Spatial and temporal variability of ice streaming during the growth and decay of the Laurentide Ice Sheet
Dr Chris Stokes, Department of Geography, Durham University
Chair: Tony Payne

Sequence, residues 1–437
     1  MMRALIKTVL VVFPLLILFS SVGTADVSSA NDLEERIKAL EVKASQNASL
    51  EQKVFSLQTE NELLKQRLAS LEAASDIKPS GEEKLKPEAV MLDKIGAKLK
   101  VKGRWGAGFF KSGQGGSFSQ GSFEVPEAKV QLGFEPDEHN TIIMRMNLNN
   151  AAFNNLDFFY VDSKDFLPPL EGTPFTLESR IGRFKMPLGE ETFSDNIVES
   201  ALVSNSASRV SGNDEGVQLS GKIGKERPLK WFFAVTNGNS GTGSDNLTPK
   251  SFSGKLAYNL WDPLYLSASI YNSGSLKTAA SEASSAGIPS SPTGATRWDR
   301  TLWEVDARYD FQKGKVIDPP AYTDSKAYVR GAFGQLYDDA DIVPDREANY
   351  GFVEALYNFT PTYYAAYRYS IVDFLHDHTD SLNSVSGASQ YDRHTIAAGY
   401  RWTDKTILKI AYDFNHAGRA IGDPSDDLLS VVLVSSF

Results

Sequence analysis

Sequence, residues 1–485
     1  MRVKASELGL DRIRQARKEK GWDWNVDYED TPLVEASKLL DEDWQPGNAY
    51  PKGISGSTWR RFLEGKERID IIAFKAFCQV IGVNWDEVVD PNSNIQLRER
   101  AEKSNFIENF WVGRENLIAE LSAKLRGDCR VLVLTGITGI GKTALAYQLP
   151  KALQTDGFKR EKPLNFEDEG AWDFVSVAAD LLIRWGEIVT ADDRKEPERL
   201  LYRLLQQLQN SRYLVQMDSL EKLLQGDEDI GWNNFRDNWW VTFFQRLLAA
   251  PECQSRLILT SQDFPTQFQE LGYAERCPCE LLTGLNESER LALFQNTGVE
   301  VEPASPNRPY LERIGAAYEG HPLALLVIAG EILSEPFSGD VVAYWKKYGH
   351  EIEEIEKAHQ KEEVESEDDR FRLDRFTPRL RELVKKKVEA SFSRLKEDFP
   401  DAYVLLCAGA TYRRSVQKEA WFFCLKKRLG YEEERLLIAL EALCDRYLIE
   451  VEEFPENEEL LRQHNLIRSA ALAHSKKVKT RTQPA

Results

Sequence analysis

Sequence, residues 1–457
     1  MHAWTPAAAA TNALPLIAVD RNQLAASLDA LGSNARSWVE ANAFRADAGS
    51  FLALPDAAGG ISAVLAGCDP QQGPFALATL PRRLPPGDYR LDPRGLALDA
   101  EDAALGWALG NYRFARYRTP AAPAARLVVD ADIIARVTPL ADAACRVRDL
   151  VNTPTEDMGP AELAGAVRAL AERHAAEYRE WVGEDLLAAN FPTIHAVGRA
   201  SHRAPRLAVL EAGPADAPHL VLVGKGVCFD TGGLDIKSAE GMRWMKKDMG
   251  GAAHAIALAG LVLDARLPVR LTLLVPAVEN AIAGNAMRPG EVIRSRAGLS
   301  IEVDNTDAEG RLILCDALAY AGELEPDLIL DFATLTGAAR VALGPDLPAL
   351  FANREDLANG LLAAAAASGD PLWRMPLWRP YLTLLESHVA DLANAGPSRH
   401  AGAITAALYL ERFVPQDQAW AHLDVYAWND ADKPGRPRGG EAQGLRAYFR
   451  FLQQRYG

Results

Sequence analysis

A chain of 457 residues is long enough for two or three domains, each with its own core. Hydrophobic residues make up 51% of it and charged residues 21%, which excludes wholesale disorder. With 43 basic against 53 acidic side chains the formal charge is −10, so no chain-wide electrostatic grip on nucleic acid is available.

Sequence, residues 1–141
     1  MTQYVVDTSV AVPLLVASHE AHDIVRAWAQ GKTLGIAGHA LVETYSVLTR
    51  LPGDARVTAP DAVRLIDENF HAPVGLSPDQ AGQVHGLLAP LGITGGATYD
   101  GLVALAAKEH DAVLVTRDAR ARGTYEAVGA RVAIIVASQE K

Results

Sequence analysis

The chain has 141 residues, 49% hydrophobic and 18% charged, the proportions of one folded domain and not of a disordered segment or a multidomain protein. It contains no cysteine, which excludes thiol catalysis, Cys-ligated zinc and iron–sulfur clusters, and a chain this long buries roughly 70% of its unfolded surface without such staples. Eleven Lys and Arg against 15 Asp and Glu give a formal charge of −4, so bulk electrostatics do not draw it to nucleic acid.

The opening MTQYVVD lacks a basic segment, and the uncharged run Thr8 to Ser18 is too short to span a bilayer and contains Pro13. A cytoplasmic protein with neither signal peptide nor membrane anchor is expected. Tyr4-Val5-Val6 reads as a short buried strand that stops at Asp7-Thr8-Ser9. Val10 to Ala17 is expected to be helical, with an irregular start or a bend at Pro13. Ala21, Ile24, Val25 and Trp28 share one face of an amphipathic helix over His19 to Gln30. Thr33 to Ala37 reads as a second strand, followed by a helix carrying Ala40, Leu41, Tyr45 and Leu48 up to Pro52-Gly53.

Recent observations in Greenland and Antarctica reveal major changes in the dynamics of rapidly flowing ice streams/outlet glaciers (typically retreat and thinning), heightening concern about their future contribution to sea level. The danger of extrapolating short-term trends to draw conclusions about the future is, however, widely acknowledged, and numerous workers have sought to extend the observational record through investigation of palaeo-ice streams at millennial time-scales. Most palaeo-studies, however, are restricted to single ice streams or small numbers of ice streams. This paper presents the first preliminary attempt at synthesising the behaviour of an entire population of ice streams in the North American (Laurentide) Ice Sheet during deglaciation, with a view to assessing their overall role in ice sheet demise. Together with a data-calibrated numerical ice sheet model, we also explore ice stream activity during the growth of the ice sheet. During deglaciation, the focus of mass loss associated with ice streaming changes through time: some migrate inland during margin retreat, other others switch off, and yet others switch on. The overall trend, however, is that ice stream activity appears to decrease, suggesting that surface-driven melt becomes increasingly more important in terms of mass loss.